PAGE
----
You’ve probably never heard of Balochistan. A resource rich province of Pakistan wedged between Afghanistan and Iran, it is an area of great geo-political importance that includes the port of Gwadar, which many eye as a profitable road to China and Central Asia. Balochistan is also the site of what historian Selig Harrison has called “a slow motion genocide” of the Baloch people.
Despite its strategic importance and harrowing human rights scandals, however, the region and its problems go virtually unreported because Pakistani authorities rarely grant journalists permission to travel beyond the capital of Quetta and its intelligence agencies routinely monitor and mistreat those journalists who do enter the province.
When Pakistan was carved out in 1947, British drew lines through tribal lands regardless of the indigenous people who lived there, and the centuries-old Balochistan was tucked into Pakistan with the coerced signing of an accession agreement. The Baloch have been struggling for decades to gain back their independence — sometimes violently.
Deprived of education and their own country’s resources, Baloch resistance fighters are made up of youth, farmers, shepherds, traders, salesmen, doctors, and ordinary citizens. The Pakistani government often conflates them with the far more violent extremist Taliban, waging all-out war against the secular Baloch resistance, imprisoning dissidents, abducting not only suspected fighters or sympathisers, but uninvolved citizens and, often, killing them. In February 2011 Amnesty International wrote in a press release: “The Pakistan government must immediately provide accountability for the alarming number of killings and abductions in Balochistan attributed to government forces in recent months.” In their effort to win independence, Baloch fighters have bombed gas pipelines, sabotaged railway lines and allegedly attacked persons regarded as collaborators, although in an area with limited freedom of the press, it is difficult to parse the truth of who did what.
In a rare glimpse into this conflict and into a region veiled by its near-blackout media status, Dr Allah Nazar, one of the best-known and revered Baloch resistance leaders with boots on the ground, agreed to an interview. The questions to Dr Nazar were delivered to him at an undisclosed location by an intermediary.
Q: What draws people to advocate on behalf of the Baloch?
A: Those who know the history of the Baloch, those who see that Balochistan is being used as a colony, support our struggle for freedom. Those who have a conscience and are men of reason understand that it is our right to live as an independent people on our homeland. Some are attracted by our bravery, some appreciate our traditions, such as “mehman nawazi” [translates as ‘hospitality’. Mehman is ‘guest’ and nawazi is ‘supporting’], some voice their concerns over the violation of human rights in Balochistan by the Pakistan army.
Q: You founded the student political group BSO (Azad) in 2002. What were your goals at the time?
A: We founded it on February 2nd 2002 to do two things. One was to announce that the Baloch want a free homeland and the other was to say no to the politics of vote and parliament, as it was one of the biggest hurdles between us and freedom. [By that I mean] the politics of the groups that were said to be nationalist parties were ambiguous at the time we founded the BSO. Most of them were demanding provincial autonomy and asking the people to vote [for them] in order [to] achieve their ideals. But what they actually did was to enjoy the luxuries of life in the Pakistani parliament. Plus, their ideals were not clear at all. They couldn’t say what exactly they wanted. This ambiguity had turned the students as well as the general public into a frustrated lot. We wanted to give the people a clear direction, and today I feel we succeeded in doing that.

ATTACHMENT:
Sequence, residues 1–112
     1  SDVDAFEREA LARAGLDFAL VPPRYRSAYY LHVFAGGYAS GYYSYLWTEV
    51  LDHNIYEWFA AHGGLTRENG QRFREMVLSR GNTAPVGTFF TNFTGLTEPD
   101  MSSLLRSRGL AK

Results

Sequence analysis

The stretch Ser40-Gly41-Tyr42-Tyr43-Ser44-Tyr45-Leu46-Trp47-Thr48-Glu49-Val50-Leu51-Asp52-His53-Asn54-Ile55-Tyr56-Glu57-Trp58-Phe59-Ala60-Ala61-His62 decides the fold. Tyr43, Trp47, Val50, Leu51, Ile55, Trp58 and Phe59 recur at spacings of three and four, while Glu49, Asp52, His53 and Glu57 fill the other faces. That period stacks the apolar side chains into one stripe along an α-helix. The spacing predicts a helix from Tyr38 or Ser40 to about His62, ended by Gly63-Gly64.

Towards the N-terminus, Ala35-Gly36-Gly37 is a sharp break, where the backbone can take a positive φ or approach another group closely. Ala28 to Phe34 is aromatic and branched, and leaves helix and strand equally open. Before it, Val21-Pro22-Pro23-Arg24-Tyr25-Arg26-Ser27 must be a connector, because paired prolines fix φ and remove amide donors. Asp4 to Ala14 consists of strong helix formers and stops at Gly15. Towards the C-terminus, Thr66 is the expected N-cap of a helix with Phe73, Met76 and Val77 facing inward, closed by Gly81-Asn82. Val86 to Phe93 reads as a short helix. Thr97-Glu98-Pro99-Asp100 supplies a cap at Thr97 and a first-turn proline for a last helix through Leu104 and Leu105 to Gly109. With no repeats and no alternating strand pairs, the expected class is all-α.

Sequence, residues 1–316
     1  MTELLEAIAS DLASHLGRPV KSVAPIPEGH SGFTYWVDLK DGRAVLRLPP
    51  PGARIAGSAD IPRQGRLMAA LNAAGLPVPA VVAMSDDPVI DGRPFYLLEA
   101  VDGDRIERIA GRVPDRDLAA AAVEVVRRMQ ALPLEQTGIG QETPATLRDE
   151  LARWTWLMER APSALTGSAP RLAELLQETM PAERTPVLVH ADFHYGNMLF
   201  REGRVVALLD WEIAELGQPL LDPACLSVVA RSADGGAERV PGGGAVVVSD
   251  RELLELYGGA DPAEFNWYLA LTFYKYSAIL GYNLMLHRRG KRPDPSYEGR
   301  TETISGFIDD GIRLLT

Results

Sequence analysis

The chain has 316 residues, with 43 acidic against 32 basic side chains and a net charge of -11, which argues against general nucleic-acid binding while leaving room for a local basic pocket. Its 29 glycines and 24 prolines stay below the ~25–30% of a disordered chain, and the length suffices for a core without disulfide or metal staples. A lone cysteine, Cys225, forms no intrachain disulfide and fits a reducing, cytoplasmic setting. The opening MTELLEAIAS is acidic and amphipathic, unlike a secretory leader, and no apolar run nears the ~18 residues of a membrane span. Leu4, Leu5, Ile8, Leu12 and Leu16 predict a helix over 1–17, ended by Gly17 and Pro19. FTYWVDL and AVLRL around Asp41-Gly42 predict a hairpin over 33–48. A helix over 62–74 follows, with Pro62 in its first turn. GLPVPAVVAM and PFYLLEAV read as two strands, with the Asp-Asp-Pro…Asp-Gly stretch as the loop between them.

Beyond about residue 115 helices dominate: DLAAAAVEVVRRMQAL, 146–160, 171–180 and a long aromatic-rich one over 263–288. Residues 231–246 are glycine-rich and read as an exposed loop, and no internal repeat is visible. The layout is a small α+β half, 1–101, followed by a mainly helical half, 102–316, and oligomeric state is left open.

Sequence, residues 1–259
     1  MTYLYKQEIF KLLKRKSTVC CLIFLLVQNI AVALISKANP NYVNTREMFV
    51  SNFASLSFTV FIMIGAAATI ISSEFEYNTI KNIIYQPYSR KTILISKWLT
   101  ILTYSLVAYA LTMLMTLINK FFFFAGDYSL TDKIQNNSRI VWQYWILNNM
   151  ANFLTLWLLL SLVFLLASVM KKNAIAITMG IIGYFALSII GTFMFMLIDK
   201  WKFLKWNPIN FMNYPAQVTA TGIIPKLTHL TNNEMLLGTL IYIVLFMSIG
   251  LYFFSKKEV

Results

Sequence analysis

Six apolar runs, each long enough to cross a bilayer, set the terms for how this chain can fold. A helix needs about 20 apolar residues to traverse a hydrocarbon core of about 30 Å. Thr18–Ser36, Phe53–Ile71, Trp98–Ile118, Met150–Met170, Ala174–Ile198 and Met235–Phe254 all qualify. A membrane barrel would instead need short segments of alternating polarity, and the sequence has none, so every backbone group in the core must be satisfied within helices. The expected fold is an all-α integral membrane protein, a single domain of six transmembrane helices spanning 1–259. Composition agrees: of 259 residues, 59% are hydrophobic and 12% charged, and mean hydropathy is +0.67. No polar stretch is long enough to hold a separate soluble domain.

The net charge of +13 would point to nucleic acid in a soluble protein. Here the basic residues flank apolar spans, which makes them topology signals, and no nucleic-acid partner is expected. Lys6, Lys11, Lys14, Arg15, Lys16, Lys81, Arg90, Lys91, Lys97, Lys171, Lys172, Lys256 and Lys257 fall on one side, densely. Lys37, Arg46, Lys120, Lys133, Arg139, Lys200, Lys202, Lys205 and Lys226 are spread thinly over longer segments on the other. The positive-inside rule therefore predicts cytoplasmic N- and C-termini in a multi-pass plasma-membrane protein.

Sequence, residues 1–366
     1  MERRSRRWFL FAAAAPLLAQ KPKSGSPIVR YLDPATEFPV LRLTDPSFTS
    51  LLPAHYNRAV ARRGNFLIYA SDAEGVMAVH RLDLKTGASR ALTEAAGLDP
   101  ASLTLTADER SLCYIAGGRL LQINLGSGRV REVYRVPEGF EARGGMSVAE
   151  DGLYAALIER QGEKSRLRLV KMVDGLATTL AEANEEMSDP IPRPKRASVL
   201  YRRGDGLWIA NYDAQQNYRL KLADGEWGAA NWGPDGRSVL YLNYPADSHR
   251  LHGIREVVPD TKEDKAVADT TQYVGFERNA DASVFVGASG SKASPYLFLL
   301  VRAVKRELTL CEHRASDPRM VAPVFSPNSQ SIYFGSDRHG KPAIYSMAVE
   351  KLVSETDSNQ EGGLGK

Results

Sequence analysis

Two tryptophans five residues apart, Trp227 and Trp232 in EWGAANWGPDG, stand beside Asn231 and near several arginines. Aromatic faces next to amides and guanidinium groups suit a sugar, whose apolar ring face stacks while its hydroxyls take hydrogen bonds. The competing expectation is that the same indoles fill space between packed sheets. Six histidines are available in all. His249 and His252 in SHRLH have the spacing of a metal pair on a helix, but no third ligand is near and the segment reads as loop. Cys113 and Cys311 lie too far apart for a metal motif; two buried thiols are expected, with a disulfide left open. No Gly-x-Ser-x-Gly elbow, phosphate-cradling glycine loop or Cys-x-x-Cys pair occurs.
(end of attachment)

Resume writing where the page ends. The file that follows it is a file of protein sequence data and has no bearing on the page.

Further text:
Q: You were arrested shortly after founding this student political organisation, but released following a hunger strike on the part of your supporters. Who arrested you and what were you arrested for?
A: I was the chairman of the BSO and was arrested by the police in Quetta for protesting against unjustly sacking some employees from the Bolan Medical College on the grounds that they were Baloch.
Q: In March 2005 you were re-arrested with six friends. Who arrested you and what for?
A: We were arrested by the personnel of the Pakistani intelligence agencies in Karachi and kept in illegal detention for about four months. They thought I was one of the top leaders of the armed movement and getting rid of me would weaken the Baloch armed struggle. They picked us — I use the word ‘pick’ because they didn’t show us any document or a FIR nor did they [acknowledge] we were in their custody in the following days — to eliminate us. But later they had to reject the idea, perhaps because they thought they were making a hero out of me as the Baloch people had protested against our unlawful detention.
Q: Why were you tortured this time? What information were the authorities looking for?
A: We were subjected to brutal mental and physical torture and put in inhuman conditions all the time. They abused us, didn’t let us sleep for days, beat us with iron rods, cut parts of our body with blades, etc. I can’t narrate all the details of torture I had to endure as time and space will not allow me to do that, but I say this: the ISI (Inter Services Intelligence) and MI (Military Intelligence) have absolutely no respect for basic human rights, they have no dignity.
A: Among many other questions, they kept asking us who led the Balochistan Liberation Army (BLA) and the Balochistan Liberation Front (BLF), who funded the Baloch armed movement and on which country’s behalf we were waging a war. They would torture me after each question they asked.
Q: Why were you released?